Power is less, development is much simpler, and you do not consume valuable COGs.

    That needs some selling. It's not a universal assumption among people here. People proficient on the P1 do use the COGS together. If LMM were easier, like hubex looks to be, they would also use multiple big programs too. Doing things in parallel is normal and expected on a Propeller.

    Edit: CW (sorry, got that wrong above), then all a lot of people read is, "some cogs go faster at the expense of other cogs..." And they see how those cogs can go faster can be done a lot of ways too.

    The other design kills this one, in this respect. 12.5Mhz doubled is nothing compared to what we had before. Seems to me, no matter what COGS are going to be used together on this one.

    On the P1, there isn't much instruction time between optimal HUB cycles. On this one, there is considerably more time, meaning it's not gonna be missed as much. More instructions = more options to nail it.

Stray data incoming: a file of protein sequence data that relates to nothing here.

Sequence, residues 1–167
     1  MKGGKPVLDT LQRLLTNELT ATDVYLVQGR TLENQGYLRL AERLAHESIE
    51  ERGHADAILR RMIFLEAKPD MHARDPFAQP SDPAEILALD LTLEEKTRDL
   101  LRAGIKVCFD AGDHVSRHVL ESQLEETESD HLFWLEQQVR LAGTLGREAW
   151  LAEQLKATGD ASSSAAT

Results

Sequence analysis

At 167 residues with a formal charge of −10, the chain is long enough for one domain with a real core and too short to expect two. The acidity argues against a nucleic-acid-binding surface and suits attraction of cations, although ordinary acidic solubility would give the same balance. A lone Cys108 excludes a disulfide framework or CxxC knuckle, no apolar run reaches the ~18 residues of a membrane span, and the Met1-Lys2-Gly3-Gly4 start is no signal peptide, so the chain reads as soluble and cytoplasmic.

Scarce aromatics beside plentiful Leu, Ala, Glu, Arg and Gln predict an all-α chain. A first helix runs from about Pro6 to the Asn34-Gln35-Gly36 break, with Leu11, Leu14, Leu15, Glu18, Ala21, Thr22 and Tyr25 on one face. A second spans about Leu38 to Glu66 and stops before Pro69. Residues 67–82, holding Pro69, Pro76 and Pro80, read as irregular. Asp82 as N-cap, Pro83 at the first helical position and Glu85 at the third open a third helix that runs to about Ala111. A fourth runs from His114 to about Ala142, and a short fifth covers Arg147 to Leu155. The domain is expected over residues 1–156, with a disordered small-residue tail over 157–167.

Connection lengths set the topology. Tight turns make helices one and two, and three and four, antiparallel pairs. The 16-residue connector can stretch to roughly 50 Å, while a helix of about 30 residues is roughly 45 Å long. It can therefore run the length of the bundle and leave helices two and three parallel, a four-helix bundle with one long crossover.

• ctwardellctwardell Posts: 1,716
    edited 2014-05-04 21:24
    jmg wrote: »
    Using tandem cogs has caveats and only 'works'; until you run out of them.
    It is an extremely silicon-expensive way to try to solve a bandwidth bottleneck.

    There is only a single HUB scanner, so long as it hits the RAM MHz, the cost of managing BW issues there, at one location, is far less than throwing multiple COGs at the problem.

    I like the simple mental Test-Case / benchmark of Burst Pin capture/send.
    Code is very small, and quite a few apps need high, but not continual bandwidth.

    Just to clarify, I wasn't suggesting this as an alternative I was asking potatohead to show some examples since he often offers the tandem cogs as an alternative to slot sharing.

    Tandem cogs makes sense when you need more compute bandwidth, but that isn't always the same as the need for hub bandwidth.

    C.W.